Digestive problems in babies are common. But these issues are tough to identify since babies may show a number of symptoms ranging from spitting food, lack of appetite, vomiting, diarrhea, or constipation. Most babies look restless and fussy during digestive issues. It is recommended to seek pediatric care for babies behaving unusually or crying since it can be painful. The digestive system gradually matures over time. So exposure to certain factors can cause concerns.


Gastroesophageal reflux (GER) refers to the involuntary passage of gastric contents into the esophagus (food pipe). Infants are more prone to reflux, and it gets better as they grow in age. Various factors, including a milk-based diet and immature gastroesophageal junction, are responsible for higher rates of GER in babies. 

When to see the doctor?

Reflux usually gets better as the baby grows, but do not hesitate to see your pediatrician if you see the following symptoms.

  • Vomiting especially if green or reddish in color
  • Reduced appetite or refusing feed
  • Weight loss or lack of weight gain
  • Rattling sound in the baby’s chest and back
  • Breathing difficulty during feeding
  • Choking spells


Vomiting is defined as the forceful expulsion of gastric contents through the mouth and/or nose. Infants spit up small amounts during feeding, after feeding, or while burping. The amount expelled is typically less than 5-10ml. Rapid feeding, overfeeding, and swallowing of air are some of the causes of vomiting in babies. Repeated vomiting might indicate a gastrointestinal disorder. Contact your baby’s pediatrician to diagnose the cause.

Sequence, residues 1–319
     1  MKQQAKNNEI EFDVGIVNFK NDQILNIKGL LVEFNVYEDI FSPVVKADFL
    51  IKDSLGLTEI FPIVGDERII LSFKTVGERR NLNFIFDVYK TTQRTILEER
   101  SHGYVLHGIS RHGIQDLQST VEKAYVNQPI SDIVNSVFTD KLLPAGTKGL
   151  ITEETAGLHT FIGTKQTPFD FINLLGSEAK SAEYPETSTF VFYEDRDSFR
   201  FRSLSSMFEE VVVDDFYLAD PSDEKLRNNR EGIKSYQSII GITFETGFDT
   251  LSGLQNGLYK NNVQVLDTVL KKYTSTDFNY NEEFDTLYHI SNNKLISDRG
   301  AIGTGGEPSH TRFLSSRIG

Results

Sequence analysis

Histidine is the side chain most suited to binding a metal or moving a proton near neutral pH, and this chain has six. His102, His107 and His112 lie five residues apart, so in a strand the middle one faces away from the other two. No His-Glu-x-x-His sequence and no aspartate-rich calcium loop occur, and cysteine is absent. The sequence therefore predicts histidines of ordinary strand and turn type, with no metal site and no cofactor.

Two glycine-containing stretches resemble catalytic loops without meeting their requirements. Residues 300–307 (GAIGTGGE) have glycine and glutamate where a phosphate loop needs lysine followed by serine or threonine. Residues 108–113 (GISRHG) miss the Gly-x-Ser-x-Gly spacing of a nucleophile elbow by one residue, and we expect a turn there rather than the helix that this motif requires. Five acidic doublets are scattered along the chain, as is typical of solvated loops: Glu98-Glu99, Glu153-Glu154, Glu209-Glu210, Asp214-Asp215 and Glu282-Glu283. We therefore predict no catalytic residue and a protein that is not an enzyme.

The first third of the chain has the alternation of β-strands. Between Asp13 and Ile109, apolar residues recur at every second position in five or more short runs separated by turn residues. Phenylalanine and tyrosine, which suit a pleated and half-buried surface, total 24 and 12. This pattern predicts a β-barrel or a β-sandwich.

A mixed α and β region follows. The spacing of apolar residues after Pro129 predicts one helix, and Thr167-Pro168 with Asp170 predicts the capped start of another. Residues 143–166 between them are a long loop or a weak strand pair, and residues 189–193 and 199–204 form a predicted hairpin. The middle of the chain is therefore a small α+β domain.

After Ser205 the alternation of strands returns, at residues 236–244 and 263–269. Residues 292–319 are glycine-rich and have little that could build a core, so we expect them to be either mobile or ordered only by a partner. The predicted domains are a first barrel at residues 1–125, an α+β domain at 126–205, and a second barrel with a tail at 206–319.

When to see the doctor?

Vomiting can cause dehydration in babies. You should see a doctor immediately in the following circumstances.

  • Vomiting very often
  • Vomiting green bile
  • Vomiting blood
  • Vomiting is followed by severe lethargy or inactivity
  • The baby displays signs of severe distress and crankiness after vomiting
  • Convulsions accompany or occur after or before vomiting


Constipation occurs when babies have hard stools or problems in passing stools. Although constipation is common in babies, it could be uncomfortable for them. Babies are not considered to be constipated if they pass soft stools.

When to see the doctor?

See the doctor immediately in the following scenarios.

  • The infant has not passed stools for more than three days in a row and is vomiting or irritable
  • Constipation in an infant younger than the age of two months
  • Blood in stools
  • The baby is holding bowel movements due to pain while passing stools

Contact Us:

If you have been searching Google for a gastroenterologist near me, gastroenterologist for children near me or children’s gastroenterologist near me, look no further then Gainesville Pediatric GI. Schedule a consultation online at gastrohealthforkids.com